The revelations represented a triumph for Brown and his wiki. A group of Democratic congressmen asked four Republican committee chairs to hold hearings on the “deeply troubling” question of whether “tactics developed for use against terrorists may have been unleashed illegally against American citizens.” But the calls for investigation went nowhere.

via Barrett Brown: America’s Least Likely Political Prisoner | Culture News | Rolling Stone.

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Filed under capitalism, hacking, prisons, representation

Digital direct action: accountability for rape

From the Mother Jones article.

Josh Harkinson has written an excellent essay on the digital direct action involved in the documentation of the Steubenville rapes and a Canadian instance of sexual assault and cyber-bullying which resulted in death of Rehtaeh Parsons. 

I didn’t know that Anonymous had helped to document the evidence about the Steubenville Ohio assault (much of it drawn from social media).

About two weeks later, the Anonymous subgroup KnightSec hacked RollRedRoll.com. The hackers posted the incriminating tweets, Saltsman’s Instagram photo, and the names of 11 bystanders. “This is a warning shot,” said a video communiqué featuring a computer-generated voice and the group’s trademark Guy Fawkes figure. The video (watch below) warned that KnightSec would release the phone numbers and Social Security numbers of the entire football team unless “all accused parties come forward by New Year’s Day and issue a public apology to the girl and her family.”

via Exclusive: Meet the Woman Who Kicked Off Anonymous’ Anti-Rape Operations | Mother Jones.

One result of the increased focus was the visibility of community support for the rapists.   In some ways the hacking made community accountability in Steubenville possible.  And after the evidence had been released, Anonymous hosted at least nine protests to force police action against the perpetrators. After one significant video was released the numbers swelled to what might be described as critical mass and in front of thousands of angry protesters, the women of Steubenville spoke about other rapes.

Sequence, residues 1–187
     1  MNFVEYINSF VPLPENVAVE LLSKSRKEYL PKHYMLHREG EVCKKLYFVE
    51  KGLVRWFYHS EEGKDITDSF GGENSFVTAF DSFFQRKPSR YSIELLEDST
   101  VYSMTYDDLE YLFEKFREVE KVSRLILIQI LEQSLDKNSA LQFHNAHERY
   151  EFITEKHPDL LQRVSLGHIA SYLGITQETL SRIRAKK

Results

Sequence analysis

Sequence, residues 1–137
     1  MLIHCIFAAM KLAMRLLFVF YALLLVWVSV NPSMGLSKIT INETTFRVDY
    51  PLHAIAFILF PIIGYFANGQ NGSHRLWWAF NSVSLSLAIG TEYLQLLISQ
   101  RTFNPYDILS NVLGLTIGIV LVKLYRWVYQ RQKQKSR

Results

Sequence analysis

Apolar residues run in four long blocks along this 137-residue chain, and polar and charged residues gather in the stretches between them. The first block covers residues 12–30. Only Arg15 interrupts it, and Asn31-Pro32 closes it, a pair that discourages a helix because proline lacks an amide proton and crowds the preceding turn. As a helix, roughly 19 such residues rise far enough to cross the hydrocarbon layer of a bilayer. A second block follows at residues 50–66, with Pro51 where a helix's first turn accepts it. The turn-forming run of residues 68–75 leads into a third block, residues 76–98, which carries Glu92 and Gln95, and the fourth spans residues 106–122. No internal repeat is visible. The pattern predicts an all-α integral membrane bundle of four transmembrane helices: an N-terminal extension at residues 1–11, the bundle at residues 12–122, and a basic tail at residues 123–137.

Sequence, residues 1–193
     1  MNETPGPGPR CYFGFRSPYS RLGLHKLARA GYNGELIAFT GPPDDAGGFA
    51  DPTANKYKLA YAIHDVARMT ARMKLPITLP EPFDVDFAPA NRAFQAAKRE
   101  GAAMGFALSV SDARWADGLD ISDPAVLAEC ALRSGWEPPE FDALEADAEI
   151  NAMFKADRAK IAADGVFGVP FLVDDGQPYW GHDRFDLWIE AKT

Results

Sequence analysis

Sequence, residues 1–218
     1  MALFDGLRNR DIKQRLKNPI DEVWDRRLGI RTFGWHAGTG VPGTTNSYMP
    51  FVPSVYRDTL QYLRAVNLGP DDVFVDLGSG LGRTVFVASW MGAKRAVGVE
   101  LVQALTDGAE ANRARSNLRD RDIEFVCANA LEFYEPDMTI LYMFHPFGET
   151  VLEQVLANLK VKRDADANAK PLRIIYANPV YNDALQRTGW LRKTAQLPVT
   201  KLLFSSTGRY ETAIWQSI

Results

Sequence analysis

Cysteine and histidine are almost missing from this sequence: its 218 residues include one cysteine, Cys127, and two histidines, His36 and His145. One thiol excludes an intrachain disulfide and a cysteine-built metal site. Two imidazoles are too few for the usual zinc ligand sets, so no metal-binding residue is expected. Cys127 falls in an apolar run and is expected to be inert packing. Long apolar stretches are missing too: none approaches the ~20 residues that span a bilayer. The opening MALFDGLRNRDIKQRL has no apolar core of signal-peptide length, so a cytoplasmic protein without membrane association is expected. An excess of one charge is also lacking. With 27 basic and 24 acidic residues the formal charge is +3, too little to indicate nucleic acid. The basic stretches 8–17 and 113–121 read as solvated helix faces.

And vent they did. For four hours, there was a catharsis of personal pain and grief that nobody in the small town could have imagined. Women who had been raped stood in front of the crowd, clad in Guy Fawkes masks, to share their stories. Some of them unmasked at the end of their testimonies as they burst into tears. Rapes at parties, date rapes, rapes by friends and relatives—their pent-up secrets came pouring out. “It turned into this women’s liberation movement, in a way,” MC recalls. “And it just changed everything. There was nothing anybody could do against us at that point because it was so real and so true.”

via Exclusive: Meet the Woman Who Kicked Off Anonymous’ Anti-Rape Operations | Mother Jones.

The audio clips are available on the Mother Jones site.

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Filed under communication, documentary, feminism, hacking, protest, representation, resistance, sexual assault

hacktivism: anonymous in Tunisia

Thinking about the struggles to articulate democracy in the era where the very means of expression are owned, the Arab spring gives a chance to see the information strategies of dictatorships on the wane.

In an interesting Al Jazeera article, they note the hacking collective anonymous who helped to provide tools for information sharing during the government clampdown in Tunisia.

As Anons realised the significance of what was taking place in Tunisia – and the fact that it was being ignored by foreign media – they collaborated with Tunisian dissidents to help them share videos with the outside world.

Anonymous quickly created a “care packet”, translated into Arabic and French, offering cyberdissidents advice on how to conceal their identities on the web, in order to avoid detection by the former regime’s cyberpolice.

They used their collective brainpower to develop a greasemonkey script – an extension for the Mozilla Firefox web browser – to help Tunisians evade an extensive phishing campaign carried out by the government.

via Anonymous and the Arab uprisings – Middle East – Al Jazeera English.